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Hypochondriacs have a sense of self, an identity, that is closely tied to a personal image of that self as ill or damaged or uncomfortable in some way.

Caregivers and parents and medical personnel would do well to remember that a hypochondriac cannot feel better, because to do so would be to contradict the person's essential self identity. Recognizing this can help the caregiver deal with the frustration of never being able to do enough.

Even objectively observable symptoms such as reduction of fever or knitting of broken bone are denied by the hypochondriac; and of course more subjective phenomena such as pain and weakness, which are difficult to measure, are an integral part of the patient's sense of self and caregivers can only accept self-reported levels.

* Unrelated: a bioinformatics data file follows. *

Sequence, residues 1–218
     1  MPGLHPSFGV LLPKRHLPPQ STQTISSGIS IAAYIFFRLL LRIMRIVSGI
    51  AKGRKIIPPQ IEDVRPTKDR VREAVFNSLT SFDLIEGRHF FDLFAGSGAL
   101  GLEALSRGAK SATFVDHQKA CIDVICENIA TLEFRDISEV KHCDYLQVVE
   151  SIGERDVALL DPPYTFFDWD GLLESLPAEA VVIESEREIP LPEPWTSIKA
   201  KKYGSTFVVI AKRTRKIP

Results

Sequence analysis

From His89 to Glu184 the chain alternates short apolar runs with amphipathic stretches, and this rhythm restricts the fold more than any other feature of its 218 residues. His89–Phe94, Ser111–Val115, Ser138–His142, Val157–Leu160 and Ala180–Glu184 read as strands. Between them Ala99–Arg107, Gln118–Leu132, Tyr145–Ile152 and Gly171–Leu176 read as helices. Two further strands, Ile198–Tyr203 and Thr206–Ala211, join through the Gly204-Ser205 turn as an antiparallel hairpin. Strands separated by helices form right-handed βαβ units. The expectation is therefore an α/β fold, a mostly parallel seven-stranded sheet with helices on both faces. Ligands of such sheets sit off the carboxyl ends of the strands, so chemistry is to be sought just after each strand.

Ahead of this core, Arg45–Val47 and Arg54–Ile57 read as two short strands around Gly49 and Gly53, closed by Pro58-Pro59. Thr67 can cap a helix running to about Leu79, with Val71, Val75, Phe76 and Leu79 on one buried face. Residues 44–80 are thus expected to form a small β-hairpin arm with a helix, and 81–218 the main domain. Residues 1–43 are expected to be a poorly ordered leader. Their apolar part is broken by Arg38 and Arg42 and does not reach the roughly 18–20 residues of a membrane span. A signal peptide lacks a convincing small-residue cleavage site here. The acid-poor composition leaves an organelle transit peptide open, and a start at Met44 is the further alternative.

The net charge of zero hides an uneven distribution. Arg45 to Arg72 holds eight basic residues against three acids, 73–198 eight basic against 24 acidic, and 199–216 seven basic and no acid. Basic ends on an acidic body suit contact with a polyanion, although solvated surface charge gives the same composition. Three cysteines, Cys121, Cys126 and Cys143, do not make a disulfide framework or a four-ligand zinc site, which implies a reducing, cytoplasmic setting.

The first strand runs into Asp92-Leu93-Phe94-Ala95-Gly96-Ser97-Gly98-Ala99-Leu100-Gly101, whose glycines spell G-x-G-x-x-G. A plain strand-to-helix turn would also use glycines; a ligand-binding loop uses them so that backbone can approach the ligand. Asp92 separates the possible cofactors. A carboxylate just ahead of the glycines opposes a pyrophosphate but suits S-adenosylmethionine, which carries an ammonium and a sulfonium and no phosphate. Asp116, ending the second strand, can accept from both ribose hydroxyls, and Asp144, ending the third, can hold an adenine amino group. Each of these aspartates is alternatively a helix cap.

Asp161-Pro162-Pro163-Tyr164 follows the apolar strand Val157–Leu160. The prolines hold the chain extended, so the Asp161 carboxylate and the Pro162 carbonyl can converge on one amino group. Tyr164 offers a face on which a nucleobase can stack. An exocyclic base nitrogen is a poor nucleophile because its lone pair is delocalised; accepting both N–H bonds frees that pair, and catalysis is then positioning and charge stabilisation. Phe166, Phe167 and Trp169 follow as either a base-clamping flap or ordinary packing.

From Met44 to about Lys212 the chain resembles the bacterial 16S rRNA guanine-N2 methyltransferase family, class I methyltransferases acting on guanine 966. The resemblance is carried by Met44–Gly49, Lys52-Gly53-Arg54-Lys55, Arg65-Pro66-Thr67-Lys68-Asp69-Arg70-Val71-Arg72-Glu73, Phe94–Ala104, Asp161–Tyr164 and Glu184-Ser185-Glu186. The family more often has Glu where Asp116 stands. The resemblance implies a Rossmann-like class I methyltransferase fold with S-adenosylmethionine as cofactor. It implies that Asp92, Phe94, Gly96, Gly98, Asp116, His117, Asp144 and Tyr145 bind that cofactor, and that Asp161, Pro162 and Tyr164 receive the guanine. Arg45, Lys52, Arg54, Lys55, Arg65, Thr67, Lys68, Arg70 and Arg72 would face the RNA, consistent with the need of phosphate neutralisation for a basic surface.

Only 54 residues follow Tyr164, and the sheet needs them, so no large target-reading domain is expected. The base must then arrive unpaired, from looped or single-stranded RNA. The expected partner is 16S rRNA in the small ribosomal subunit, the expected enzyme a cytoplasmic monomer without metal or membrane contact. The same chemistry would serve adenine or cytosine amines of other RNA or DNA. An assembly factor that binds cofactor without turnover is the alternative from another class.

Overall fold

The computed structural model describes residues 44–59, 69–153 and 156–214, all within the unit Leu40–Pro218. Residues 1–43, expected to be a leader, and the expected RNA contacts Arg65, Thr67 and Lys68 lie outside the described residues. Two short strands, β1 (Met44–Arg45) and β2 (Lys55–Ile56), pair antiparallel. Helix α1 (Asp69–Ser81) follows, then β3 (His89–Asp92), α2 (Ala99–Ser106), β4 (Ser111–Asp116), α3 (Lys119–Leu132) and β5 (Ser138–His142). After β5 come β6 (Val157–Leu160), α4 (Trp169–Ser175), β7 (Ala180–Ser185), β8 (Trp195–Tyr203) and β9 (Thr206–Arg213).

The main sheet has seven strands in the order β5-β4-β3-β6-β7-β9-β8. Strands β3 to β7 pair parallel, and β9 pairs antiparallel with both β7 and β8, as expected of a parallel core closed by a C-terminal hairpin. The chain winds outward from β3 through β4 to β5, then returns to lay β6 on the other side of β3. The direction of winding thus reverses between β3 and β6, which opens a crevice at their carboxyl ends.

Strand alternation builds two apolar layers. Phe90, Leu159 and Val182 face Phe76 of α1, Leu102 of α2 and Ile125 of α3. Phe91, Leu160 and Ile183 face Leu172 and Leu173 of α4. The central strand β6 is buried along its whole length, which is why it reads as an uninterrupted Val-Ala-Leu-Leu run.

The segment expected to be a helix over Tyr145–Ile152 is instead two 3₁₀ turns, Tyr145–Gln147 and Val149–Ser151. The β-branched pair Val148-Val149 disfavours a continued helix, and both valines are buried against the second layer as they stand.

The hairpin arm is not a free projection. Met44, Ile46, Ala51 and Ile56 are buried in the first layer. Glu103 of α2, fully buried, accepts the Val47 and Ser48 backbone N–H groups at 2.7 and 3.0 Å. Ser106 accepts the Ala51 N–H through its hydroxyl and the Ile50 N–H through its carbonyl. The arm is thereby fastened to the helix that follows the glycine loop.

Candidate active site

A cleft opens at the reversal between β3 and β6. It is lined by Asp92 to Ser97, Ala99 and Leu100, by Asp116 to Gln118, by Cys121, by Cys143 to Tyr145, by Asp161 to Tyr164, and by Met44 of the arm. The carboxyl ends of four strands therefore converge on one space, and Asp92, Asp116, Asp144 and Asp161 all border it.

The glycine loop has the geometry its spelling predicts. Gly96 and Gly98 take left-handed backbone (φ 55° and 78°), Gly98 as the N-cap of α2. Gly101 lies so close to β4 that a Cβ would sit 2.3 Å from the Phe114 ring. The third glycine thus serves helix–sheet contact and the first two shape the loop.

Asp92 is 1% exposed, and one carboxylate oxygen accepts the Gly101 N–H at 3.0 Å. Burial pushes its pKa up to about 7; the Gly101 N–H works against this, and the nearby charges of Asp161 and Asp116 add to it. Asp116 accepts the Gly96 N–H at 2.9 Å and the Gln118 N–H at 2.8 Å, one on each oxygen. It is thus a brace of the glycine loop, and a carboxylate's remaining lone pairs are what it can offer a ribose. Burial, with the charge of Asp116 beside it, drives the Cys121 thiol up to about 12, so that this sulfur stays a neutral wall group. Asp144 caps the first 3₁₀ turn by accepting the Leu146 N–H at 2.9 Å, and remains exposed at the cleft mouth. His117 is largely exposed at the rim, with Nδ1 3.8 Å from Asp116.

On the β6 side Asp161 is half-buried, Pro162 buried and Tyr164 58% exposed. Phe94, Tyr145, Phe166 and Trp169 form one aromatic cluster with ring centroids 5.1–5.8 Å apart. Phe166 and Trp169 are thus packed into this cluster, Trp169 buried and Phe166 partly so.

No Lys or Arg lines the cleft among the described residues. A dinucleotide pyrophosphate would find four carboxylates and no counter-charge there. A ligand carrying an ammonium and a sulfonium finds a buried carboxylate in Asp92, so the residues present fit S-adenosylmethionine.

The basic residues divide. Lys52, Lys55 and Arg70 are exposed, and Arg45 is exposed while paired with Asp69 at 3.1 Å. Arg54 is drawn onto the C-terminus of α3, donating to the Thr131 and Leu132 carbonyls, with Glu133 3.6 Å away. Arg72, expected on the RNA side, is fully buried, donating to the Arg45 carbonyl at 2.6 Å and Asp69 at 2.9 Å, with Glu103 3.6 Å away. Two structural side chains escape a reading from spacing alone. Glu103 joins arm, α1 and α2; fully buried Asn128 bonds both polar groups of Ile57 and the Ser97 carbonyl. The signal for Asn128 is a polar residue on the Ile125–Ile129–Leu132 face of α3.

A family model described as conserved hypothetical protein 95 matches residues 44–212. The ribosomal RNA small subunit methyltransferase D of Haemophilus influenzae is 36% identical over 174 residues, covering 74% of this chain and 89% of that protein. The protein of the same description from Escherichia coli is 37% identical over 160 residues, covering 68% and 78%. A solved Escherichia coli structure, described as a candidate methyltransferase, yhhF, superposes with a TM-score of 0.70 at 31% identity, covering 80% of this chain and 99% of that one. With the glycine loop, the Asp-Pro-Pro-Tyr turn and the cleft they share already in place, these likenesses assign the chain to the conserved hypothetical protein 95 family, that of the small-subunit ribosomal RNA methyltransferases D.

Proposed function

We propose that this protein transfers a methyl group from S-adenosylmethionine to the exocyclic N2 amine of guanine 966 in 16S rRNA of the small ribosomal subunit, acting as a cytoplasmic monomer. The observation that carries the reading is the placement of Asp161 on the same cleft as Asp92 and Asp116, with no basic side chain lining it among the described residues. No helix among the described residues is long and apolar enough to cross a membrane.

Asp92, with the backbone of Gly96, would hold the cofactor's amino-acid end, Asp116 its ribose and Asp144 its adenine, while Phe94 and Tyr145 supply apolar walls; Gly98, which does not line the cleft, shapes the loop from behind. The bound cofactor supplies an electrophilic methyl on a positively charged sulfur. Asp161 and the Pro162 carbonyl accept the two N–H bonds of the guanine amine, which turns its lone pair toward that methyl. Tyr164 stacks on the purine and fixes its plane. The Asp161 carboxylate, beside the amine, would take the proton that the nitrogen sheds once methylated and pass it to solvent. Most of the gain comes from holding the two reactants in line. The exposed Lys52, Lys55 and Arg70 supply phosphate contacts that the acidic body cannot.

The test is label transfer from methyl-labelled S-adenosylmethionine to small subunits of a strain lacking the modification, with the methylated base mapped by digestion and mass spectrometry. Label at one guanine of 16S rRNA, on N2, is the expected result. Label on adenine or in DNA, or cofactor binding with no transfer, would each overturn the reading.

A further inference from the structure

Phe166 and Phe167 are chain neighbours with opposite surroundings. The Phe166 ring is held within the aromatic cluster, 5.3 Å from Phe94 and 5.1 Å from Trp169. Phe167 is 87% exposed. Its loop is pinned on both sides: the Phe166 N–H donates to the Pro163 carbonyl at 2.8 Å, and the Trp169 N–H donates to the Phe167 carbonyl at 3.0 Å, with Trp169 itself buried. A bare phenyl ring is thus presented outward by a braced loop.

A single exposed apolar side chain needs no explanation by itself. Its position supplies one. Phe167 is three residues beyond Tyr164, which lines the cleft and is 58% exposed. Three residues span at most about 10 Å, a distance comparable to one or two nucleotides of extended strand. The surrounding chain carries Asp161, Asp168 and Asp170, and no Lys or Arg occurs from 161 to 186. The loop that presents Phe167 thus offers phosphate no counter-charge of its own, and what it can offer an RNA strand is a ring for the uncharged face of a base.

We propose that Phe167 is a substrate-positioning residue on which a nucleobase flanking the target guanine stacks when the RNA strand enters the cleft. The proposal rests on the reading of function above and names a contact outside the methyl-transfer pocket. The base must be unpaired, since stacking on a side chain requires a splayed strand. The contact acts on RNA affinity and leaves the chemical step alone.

I found that the best way to deal with my mother (the Supreme Goddess of Hypochondria) was just to do my best to make her comfortable, give her her meds, tote and fetch all the little things (pillow, book, foot covers, etc.) and then walk away to let her wallow in self-pity in peace. It was hard to accept that there was nothing more I could do, getting angry simply confused the patient (who didn't understand) and that I was simply running myself ragged on an unending hamster wheel trying to do more and more and more to fix what was wrong (an impossible goal).

Note to self: Remember this entry at the next 3 a.m. call for help.

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